The world is currently undergoing a paradigm shift in global governance characterized by the emergence of de-globalization and growing Sinophobia in the West. What’s more, the repercussions of the Russia-Ukraine conflict have cast a dark cloud over the global economy. There is a general concern about whether Hong Kong can retain its global competitiveness amid a capricious global political climate. 

In his election manifesto, Lee enumerated several major pivots for exerting efforts to strengthen Hong Kong’s overall competitiveness, namely consolidating the city’s financial prominence, bringing the proposed Northern Metropolis into reality, transforming the city into a cultural hub. If he can make considerable progress in these areas over the next five years, Hong Kong will be able to scale new heights in socioeconomic development for sure, particularly in improving residents’ livelihoods and living standards. For instance, the further development of Hong Kong’s offshore renminbi hub will offer a viable option for many countries which, in the wake of the Russia-Ukraine conflict, have the idea of de-dollarization in mind, facilitating the internationalization of RMB. Hong Kong’s internationally renowned financial market can leverage the mainland, the world’s second largest economy, to also evolve into the world’s largest offshore RMB center. 

If we examine Lee’s ambition to create a global inno-tech center, we can conclude that Hong Kong is well-positioned to take its IT prowess to the center stage of the global IT industry, since its scientific research capabilities in many fronts are either in a leading or superior position worldwide. Besides, Hong Kong as an international financial center is ever ready to generate ample capital needed to finance any inno-tech project; its open, inclusive and diverse social environment also conducive to attracting top IT talent to settle in the city. This goal will be within reach if the next administration sets clear objectives and executes appropriate measures. Meanwhile, when properly designed and executed, the Northern Metropolis ambition can turn into a reality that will synergize with the Guangdong-Hong Kong-Macao Greater Bay Area, particularly with Shenzhen, to transform Hong Kong’s northern part into a livable, business-friendly and green quality-living zone that can accommodate 2.5 million people. It will not only relieve the housing shortage but also forge a sample zone of combining living and industry development.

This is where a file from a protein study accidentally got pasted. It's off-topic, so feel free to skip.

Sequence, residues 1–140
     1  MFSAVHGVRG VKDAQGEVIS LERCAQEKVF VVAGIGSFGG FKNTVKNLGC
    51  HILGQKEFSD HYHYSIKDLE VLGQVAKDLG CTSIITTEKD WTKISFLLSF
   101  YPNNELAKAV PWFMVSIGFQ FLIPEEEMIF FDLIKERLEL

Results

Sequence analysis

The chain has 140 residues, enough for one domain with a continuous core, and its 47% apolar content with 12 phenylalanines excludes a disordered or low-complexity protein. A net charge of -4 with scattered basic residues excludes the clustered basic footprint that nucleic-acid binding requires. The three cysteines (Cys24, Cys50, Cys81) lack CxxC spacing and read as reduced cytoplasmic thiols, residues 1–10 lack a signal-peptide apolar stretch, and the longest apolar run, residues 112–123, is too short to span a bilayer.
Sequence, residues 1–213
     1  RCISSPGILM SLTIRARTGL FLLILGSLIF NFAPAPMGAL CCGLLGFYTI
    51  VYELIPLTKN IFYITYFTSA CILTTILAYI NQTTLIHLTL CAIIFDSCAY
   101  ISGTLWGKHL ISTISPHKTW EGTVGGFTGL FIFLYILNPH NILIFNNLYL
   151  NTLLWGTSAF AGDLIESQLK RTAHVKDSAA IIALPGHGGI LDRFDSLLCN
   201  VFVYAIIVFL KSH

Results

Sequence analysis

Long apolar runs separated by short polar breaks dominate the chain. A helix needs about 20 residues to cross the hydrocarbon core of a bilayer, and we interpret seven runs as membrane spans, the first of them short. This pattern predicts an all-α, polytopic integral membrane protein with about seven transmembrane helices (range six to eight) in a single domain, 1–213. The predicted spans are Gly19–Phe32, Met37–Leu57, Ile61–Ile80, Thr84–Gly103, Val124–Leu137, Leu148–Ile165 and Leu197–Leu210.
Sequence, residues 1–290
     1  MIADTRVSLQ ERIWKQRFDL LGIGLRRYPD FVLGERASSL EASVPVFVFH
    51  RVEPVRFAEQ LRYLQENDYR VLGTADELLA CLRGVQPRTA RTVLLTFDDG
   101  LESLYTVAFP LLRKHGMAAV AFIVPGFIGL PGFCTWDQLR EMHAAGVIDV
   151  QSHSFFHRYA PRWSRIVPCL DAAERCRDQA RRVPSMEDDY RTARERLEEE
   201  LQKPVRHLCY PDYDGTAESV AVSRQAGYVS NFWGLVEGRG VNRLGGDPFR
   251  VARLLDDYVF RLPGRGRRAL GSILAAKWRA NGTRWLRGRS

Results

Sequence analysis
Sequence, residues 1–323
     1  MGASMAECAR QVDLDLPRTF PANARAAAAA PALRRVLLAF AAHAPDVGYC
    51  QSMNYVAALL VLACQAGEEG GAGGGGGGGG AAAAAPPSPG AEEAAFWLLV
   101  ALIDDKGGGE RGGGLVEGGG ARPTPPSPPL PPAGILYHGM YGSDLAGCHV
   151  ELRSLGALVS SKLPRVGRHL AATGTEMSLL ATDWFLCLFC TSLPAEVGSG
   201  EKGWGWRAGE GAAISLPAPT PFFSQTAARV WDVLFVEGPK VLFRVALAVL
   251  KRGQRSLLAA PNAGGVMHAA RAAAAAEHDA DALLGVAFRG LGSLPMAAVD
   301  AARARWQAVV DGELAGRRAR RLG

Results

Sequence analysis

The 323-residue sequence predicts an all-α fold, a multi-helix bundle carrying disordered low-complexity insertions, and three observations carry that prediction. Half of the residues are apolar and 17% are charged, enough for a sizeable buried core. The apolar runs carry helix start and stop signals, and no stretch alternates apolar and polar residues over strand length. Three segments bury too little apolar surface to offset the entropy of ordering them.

When these plans gradually turn into a reality, Hong Kong will be able to unleash its tremendous development potential, rejuvenating the city’s economic prowess and vitality. 

Xia Baolong, director of the Hong Kong and Macao Affairs Office of the State Council, previously talked about his “four expectations” for Hong Kong, in which he hoped the city would add luster to its international financial, transportation and trade centers to become a modern metropolis brimming with vitality, and a highly civilized Pearl of the Orient that earns the envy of the world. With Lee’s policy platform visualizing the aspirations of Xia, everyone from Hong Kong residents to international investors can be assured of the promising future for Hong Kong.

The author is a Hong Kong member of the National Committee of the Chinese People’s Political Consultative Conference and chairman of the Hong Kong New Era Development Thinktank.

The views do not necessarily reflect those of China Daily.